The Fifth Circuit Court of Appeals is the most recent court to find that federal cannabis gun control legislation is unconstitutional. The case, United States v. Daniels, was published on August 9, 2023. The court joins a growing list of courts which have all found these restrictions unconstitutional.
Federal law prohibits cannabis users from buying or owning guns. A 2022 U.S. Supreme Court case, New York State Rifle & Pistol Association, Inc. v. Bruen, held that the test for determining whether a gun control law is constitutional is (1) whether the affected person has Second Amendment rights, and (2) whether the restriction is “consistent with the Nation’s historical tradition of firearm regulation.”
All or virtually all courts that have dealt with the federal cannabis gun control law agree that cannabis users have Second Amendment rights. And nearly all courts agree that the federal cannabis restriction is not “consistent with the Nation’s historical tradition of firearm regulation.” Now, we can add the Fifth Circuit to that list:
[O]ur history and tradition may support some limits on an intoxicated person’s right to carry a weapon, but it does not justify disarming a sober citizen based exclusively on his past drug usage. Nor do more generalized traditions of disarming dangerous persons support this restriction on nonviolent drug users. As applied to Daniels, then, § 922(g)(3) violates the Second Amendment.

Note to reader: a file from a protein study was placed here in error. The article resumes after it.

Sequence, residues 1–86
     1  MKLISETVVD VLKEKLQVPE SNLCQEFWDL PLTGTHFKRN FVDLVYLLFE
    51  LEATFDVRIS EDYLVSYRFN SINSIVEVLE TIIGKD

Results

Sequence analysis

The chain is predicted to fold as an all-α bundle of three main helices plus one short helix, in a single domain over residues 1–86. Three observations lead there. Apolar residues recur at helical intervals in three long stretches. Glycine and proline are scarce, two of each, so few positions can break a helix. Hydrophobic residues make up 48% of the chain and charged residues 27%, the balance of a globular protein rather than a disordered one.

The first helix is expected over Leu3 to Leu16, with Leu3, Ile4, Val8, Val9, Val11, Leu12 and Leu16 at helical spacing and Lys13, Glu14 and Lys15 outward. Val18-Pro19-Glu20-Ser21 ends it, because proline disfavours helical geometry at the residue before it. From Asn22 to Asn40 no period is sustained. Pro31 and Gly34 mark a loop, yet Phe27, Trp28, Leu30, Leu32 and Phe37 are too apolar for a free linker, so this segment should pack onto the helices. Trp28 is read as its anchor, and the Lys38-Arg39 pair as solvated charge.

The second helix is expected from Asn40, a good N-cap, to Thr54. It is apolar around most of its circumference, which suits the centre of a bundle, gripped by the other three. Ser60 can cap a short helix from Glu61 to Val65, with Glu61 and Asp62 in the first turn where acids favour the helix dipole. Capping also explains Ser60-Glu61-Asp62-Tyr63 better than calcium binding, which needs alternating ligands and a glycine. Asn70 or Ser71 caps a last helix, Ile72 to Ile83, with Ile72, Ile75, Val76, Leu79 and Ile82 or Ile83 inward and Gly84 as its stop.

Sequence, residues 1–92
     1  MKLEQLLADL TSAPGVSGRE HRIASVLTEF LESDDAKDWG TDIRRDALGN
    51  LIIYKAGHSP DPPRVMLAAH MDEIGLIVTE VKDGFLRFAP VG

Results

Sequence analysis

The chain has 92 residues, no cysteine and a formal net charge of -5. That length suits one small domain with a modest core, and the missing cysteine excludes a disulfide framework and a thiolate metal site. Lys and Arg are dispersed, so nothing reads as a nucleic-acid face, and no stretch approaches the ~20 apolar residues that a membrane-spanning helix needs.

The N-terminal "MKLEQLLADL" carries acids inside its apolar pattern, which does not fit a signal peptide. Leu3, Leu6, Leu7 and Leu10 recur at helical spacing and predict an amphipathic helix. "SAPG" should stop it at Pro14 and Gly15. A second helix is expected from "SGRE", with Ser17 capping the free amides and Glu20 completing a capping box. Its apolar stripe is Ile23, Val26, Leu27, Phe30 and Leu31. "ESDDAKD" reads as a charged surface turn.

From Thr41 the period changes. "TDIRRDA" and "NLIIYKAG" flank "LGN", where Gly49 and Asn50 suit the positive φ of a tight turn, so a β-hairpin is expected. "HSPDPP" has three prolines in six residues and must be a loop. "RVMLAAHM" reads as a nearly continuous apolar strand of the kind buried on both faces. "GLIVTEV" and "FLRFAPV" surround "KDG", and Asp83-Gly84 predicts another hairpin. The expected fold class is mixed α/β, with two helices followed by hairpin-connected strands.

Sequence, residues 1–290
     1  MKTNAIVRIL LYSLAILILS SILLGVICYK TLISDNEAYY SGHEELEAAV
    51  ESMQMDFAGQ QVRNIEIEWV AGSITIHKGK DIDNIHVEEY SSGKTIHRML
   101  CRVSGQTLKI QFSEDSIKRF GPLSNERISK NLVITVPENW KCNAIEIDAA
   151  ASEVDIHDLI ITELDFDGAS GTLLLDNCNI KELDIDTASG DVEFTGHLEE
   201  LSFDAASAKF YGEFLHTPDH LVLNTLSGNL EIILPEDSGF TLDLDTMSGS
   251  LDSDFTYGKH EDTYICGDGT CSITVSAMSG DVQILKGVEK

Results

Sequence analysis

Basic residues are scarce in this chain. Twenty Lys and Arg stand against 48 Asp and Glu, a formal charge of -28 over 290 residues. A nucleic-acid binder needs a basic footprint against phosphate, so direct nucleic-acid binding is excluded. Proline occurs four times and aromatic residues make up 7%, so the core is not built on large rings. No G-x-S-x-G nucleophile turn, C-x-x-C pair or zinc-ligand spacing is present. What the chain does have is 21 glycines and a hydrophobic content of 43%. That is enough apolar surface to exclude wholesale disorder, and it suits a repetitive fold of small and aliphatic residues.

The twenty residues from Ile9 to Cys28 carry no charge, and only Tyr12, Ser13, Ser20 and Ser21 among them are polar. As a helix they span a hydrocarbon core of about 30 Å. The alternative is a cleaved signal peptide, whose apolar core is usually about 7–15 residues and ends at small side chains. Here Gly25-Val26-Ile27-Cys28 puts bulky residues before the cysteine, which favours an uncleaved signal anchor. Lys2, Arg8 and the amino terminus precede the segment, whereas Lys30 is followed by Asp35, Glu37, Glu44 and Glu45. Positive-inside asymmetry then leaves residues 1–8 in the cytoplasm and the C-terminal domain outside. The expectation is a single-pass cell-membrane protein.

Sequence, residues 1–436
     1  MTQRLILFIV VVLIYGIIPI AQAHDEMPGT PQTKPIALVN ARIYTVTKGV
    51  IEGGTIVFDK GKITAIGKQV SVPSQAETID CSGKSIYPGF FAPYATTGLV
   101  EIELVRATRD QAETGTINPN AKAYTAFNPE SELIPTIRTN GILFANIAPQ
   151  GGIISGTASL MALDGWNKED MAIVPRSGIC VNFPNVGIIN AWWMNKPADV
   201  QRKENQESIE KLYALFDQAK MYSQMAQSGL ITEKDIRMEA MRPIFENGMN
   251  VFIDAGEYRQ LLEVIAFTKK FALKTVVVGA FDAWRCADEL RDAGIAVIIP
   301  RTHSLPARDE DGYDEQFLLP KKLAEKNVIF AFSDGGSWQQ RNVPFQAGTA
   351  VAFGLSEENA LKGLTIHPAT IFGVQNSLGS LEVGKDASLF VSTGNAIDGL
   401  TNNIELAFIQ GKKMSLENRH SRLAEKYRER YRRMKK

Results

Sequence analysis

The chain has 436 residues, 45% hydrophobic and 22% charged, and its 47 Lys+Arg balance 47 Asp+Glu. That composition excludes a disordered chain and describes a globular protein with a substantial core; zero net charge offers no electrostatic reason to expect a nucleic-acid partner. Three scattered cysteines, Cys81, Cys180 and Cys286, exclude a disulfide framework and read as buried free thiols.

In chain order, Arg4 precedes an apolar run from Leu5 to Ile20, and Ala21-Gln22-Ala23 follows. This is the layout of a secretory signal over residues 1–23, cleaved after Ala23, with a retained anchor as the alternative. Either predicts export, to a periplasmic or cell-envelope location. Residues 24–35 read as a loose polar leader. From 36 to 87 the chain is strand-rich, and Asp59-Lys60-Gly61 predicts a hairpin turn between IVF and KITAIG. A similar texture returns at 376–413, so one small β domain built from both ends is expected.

I’ll keep this post very brief and not analyze every aspect of the Daniels decision, since I’ve written about many of the other federal cannabis gun control cases (see below) and the analysis here is very similar. Three things are important to keep in mind following the Daniels decision:
The ruling is an “as applied” ruling, meaning that the law was found to be unconstitutional as applied to the defendant. So the ruling is narrower than it could have been. This is similar to what happened in the Third Circuit Court of Appeals decision in Range v. Attorney General of the United States of America, which was also as-applied. For what it’s worth, Range wasn’t a cannabis case – it was a case based on gun control restrictions due to a prior disqualifying misdemeanor conviction (which is one of the other many gun control restrictions).
Earlier this year, a federal court in Texas decided a case on very similar grounds, in United States v. Connelly. I wrote about that case here. The federal district courts in Texas are part of the Fifth Circuit, meaning that if Connelly is appealed, it will likely end up with the same or similar outcome to Daniels.
While this is the first Fifth Circuit case applying the Bruen test to federal cannabis gun control laws, it’s not the first case to apply the Bruen test to other federal gun control laws. Earlier this year, the Fifth Circuit decided United States v. Rahimi, holding unconstitutional (under Bruen) federal restrictions on gun possession by persons subject to civil domestic violence restraining orders. Rahimi was recently appealed to the U.S. Supreme Court, which agreed to hear the case in the upcoming term. Rahimi is not a cannabis case, but it is certainly possible that the U.S. Supreme Court’s ruling could affect the sea of cannabis gun control cases pending in federal court now.
In sum, Daniels is just one of many federal cases that are chipping away at gun control restrictions. This raises the chances, yet again, that people won’t have constitutional rights stripped away just because they consume cannabis to help with debilitating illnesses or even recreationally.
For some of my other posts on cannabis gun rights, please see this list: